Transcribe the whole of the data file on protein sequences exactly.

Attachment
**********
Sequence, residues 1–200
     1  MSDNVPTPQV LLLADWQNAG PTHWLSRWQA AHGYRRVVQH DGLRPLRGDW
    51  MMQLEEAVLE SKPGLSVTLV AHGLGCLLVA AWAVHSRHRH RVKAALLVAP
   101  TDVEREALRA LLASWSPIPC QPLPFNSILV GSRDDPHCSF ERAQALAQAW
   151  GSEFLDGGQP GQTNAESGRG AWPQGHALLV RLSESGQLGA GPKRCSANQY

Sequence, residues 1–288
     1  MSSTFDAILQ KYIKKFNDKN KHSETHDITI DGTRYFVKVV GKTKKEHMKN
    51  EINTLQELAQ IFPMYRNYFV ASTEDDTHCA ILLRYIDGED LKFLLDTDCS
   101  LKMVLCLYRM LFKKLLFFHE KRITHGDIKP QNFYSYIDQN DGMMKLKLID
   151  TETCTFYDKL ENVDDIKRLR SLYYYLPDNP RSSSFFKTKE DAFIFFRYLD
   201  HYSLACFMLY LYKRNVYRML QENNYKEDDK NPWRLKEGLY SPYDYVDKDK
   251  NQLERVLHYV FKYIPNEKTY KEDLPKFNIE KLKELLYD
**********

Sequence, residues 1–200
     1  MSDNVPTPQV LLLADWQNAG PTHWLSRWQA AHGYRRVVQH DGLRPLRGDW
    51  MMQLEEAVLE SKPGLSVTLV AHGLGCLLVA AWAVHSRHRH RVKAALLVAP
   101  TDVEREALRA LLASWSPIPC QPLPFNSILV GSRDDPHCSF ERAQALAQAW
   151  GSEFLDGGQP GQTNAESGRG AWPQGHALLV RLSESGQLGA GPKRCSANQY

Sequence, residues 1–288
     1  MSSTFDAILQ KYIKKFNDKN KHSETHDITI DGTRYFVKVV GKTKKEHMKN
    51  EINTLQELAQ IFPMYRNYFV ASTEDDTHCA ILLRYIDGED LKFLLDTDCS
   101  LKMVLCLYRM LFKKLLFFHE KRITHGDIKP QNFYSYIDQN DGMMKLKLID
   151  TETCTFYDKL ENVDDIKRLR SLYYYLPDNP RSSSFFKTKE DAFIFFRYLD
   201  HYSLACFMLY LYKRNVYRML QENNYKEDDK NPWRLKEGLY SPYDYVDKDK
   251  NQLERVLHYV FKYIPNEKTY KEDLPKFNIE KLKELLYD